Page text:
Wallingford advocates for equal custody preparations in new invoice
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Missouri custody arrangements could – with a few exceptions – be the same by default with every parent due to a new house law pre-filed earlier this month.
HB 299 from return state Rep. Wayne Wallingford would change the state’s law on custody agreements. If passed, the bill would add the presumption that it is in a child’s best interests to give each parent equal or near equal custody time, and the court would not uphold that rule. The presumption could be rebutted by a parental custody agreement or if a court determines that there is a pattern of abuse.
“We need to focus on what’s best for the child,” Wallingford told the Missouri Times. “Divorce is a common battleground, but insufficient attention is paid to what is in the best interests of the child. So this bill says that custody will be equal as long as both parents are able to do so and have good moral values in the eyes of the law. This would fall by the wayside if either parent turns out to be unsuitable in any way. “
Wallingford said a similar law was enacted in Kentucky in 2018 and has read studies examining the effects on relationships between children and their parents. He said he believed the typical rule imposed by many courts could be detrimental to families facing custody battle.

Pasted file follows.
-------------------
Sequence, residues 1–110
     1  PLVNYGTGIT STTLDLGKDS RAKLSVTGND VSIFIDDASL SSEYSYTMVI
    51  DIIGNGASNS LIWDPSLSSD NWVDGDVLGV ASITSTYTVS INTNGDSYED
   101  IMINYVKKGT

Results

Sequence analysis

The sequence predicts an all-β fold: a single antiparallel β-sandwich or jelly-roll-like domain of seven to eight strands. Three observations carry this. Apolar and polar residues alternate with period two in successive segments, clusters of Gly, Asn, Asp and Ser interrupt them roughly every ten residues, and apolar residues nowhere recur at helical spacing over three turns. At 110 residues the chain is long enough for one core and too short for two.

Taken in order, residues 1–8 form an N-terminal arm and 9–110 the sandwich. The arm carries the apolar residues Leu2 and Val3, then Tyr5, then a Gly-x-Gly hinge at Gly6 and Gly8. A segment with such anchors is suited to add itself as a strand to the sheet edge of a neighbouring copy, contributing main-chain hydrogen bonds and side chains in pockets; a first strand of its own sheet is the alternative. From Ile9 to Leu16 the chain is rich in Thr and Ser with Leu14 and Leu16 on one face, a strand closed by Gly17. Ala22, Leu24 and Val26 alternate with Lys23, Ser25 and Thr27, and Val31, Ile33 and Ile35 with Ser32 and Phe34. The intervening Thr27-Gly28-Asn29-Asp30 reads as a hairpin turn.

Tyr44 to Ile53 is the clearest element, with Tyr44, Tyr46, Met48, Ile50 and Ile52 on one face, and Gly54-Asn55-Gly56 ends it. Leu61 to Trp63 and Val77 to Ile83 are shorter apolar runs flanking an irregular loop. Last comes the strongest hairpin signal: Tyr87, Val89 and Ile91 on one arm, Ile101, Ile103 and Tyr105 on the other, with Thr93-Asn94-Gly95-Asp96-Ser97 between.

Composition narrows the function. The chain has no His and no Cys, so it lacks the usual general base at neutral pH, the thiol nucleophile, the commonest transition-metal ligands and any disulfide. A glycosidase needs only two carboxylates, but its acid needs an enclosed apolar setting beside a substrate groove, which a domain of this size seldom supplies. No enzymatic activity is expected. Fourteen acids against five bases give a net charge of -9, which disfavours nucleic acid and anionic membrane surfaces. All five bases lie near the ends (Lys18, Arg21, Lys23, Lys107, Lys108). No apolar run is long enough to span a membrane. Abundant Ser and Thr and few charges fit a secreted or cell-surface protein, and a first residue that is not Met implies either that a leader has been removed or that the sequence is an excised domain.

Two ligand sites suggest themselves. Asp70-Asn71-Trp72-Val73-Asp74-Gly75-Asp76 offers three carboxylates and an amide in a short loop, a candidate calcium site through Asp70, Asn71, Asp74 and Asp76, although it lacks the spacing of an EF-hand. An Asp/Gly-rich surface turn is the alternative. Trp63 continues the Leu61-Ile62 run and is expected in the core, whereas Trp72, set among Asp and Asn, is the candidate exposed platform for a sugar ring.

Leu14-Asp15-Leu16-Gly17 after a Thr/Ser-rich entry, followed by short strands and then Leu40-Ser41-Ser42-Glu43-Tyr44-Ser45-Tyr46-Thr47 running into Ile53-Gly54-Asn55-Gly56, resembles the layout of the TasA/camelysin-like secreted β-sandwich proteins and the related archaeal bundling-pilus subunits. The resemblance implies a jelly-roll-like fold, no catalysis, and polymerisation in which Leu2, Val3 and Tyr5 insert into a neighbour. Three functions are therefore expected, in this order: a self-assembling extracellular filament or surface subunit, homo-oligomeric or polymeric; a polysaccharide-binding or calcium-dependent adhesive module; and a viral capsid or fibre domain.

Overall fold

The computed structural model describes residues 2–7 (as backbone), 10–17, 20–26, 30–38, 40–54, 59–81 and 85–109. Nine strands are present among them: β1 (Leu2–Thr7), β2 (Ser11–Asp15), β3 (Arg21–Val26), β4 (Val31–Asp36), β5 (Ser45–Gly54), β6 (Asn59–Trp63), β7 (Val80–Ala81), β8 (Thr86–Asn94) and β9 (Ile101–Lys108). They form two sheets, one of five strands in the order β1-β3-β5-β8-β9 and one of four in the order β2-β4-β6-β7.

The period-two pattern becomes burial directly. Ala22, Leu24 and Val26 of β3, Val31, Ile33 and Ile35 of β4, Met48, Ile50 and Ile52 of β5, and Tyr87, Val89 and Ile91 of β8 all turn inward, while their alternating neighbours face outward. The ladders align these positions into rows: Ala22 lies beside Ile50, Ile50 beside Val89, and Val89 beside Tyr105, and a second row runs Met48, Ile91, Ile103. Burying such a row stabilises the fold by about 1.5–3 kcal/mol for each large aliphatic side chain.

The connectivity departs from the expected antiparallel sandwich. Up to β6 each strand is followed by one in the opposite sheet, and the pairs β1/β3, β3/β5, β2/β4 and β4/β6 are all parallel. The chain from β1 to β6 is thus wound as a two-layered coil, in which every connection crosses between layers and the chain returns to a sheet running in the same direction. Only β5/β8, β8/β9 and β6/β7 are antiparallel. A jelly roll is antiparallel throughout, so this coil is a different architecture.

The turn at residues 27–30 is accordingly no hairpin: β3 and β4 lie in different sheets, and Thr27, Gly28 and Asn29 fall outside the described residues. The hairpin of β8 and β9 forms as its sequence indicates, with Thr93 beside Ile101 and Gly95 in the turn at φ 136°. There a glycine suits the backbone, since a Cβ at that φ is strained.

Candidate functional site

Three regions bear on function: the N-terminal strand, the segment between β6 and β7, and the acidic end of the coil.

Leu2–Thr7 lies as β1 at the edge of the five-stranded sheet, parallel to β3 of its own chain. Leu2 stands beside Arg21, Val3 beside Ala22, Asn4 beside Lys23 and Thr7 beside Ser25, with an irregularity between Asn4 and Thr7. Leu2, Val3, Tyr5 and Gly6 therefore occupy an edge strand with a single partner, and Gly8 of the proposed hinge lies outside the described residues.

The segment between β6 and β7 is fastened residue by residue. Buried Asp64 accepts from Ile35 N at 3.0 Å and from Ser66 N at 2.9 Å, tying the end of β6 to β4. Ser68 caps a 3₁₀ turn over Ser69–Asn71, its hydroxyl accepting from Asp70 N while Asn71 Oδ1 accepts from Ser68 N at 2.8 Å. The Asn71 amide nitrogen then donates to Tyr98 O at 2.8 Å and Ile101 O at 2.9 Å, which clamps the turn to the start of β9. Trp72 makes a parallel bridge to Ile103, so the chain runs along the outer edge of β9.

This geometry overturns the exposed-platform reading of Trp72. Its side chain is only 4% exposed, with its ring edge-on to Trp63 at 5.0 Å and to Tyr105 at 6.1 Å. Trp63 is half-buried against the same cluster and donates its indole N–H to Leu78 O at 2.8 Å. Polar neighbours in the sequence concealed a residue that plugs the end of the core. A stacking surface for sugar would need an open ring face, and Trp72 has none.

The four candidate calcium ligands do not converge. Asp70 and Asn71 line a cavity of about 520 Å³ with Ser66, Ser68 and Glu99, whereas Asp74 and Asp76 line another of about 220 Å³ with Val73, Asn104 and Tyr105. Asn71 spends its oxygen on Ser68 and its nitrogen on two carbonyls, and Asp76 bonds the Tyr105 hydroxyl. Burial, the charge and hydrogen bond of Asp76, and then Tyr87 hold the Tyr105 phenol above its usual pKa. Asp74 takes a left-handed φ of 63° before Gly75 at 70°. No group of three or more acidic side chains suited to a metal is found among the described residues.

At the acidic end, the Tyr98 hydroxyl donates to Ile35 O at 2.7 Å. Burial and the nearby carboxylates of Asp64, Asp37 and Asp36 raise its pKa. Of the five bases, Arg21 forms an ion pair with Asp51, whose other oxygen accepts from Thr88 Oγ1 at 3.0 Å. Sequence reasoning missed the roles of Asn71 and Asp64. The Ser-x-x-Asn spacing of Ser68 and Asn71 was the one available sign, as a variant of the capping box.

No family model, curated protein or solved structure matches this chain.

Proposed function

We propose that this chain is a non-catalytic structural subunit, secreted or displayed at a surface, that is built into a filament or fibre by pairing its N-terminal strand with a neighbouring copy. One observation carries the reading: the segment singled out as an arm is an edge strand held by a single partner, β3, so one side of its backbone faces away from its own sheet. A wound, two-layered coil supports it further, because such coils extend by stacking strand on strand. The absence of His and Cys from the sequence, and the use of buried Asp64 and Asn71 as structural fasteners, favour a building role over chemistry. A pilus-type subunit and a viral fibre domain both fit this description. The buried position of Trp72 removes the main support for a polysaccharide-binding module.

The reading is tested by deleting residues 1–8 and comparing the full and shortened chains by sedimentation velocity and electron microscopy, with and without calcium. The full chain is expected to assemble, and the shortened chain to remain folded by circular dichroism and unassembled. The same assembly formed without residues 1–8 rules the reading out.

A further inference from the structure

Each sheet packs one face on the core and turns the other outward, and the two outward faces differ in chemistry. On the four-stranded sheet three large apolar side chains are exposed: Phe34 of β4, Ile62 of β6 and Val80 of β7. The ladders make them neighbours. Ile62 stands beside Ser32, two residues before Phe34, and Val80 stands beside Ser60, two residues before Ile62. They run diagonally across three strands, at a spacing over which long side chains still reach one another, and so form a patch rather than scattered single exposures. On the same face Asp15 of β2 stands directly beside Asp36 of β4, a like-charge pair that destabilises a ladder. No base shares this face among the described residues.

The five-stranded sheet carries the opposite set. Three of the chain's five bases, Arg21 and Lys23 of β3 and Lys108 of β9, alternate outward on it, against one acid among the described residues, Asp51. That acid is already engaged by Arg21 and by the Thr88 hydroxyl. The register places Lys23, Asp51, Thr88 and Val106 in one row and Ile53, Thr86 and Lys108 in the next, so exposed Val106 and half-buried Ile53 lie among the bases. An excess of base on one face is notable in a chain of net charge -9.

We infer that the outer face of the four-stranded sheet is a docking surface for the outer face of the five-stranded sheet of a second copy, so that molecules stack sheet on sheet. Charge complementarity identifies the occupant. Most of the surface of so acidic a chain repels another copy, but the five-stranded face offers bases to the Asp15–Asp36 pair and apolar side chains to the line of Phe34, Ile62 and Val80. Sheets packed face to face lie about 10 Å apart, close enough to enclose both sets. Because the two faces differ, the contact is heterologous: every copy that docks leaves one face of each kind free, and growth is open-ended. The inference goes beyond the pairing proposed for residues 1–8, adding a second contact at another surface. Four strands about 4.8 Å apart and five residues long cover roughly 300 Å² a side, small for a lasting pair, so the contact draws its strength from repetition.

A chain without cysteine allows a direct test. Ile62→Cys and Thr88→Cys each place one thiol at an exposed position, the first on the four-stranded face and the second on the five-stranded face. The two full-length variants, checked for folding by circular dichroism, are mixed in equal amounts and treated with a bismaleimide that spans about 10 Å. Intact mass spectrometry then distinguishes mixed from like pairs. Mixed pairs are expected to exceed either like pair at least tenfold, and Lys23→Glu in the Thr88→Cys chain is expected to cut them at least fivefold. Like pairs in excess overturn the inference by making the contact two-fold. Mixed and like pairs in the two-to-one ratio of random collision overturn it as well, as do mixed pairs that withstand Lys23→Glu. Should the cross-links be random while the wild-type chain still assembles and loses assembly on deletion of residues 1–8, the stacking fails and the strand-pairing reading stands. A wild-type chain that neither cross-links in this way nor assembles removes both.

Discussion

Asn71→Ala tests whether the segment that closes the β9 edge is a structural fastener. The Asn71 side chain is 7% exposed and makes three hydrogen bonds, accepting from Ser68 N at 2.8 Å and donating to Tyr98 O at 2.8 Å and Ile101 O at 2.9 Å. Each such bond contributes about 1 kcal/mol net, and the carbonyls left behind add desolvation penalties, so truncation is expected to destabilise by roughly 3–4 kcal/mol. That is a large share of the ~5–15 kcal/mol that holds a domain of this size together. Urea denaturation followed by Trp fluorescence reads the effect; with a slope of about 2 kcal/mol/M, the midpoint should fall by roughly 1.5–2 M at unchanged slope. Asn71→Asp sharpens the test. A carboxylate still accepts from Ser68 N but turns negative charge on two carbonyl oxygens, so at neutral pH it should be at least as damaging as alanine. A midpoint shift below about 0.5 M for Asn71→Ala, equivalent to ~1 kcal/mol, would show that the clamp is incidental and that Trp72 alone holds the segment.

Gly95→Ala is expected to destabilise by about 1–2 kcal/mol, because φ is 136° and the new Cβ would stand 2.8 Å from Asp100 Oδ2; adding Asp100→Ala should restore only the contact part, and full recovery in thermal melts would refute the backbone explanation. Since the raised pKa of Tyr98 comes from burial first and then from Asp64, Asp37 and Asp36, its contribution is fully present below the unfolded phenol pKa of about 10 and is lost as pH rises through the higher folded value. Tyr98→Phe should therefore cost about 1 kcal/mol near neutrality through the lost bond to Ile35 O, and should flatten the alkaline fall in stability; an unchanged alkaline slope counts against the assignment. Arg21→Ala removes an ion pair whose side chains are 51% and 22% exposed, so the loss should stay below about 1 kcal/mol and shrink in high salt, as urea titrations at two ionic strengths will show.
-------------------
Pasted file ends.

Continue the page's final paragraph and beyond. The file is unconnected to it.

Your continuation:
“Some time ago a judge in Texas ruled that everything would be fine on Thursdays and every other weekend, and then all of a sudden all the other judges looked at that decision, and that’s how it’s been treated for a long time,” he said. “It’s not fair to either parent or child. A child needs a mother and a father, but in most of these situations you go to court as parents and leave as a visitor. That really robs the child of that relationship. “
Wallingford sponsored the same bill in the Senate last year reclaim his old home in November. He said most of the lawmakers supported the bill in the upper chamber, despite the fact that the Committee on Families and Children passed it and was added to the informal calendar a week before the Senate entered the office extended break March. He expects it to move forward during a more typical legislature, he said.
“This bill is my top priority when I go into the house,” he said. “When it was done on this site this year there were no issues so I hope it can go through the House fairly quickly and hopefully it can also be successful in the Senate. I think it’s what’s in the child’s best interests and sometimes the parents or the courts overlook that. It’s not about the husband or wife – it’s about the child they created between them and that is the important part of this topic. “
The 2021 legislative period begins on January 6th.
Cameron Gerber studied journalism at Lincoln University. Prior to Lincoln, he earned an associate degree from State Fair Community College. Cameron is from Eldon, Missouri.
Contact Cameron at [email protected].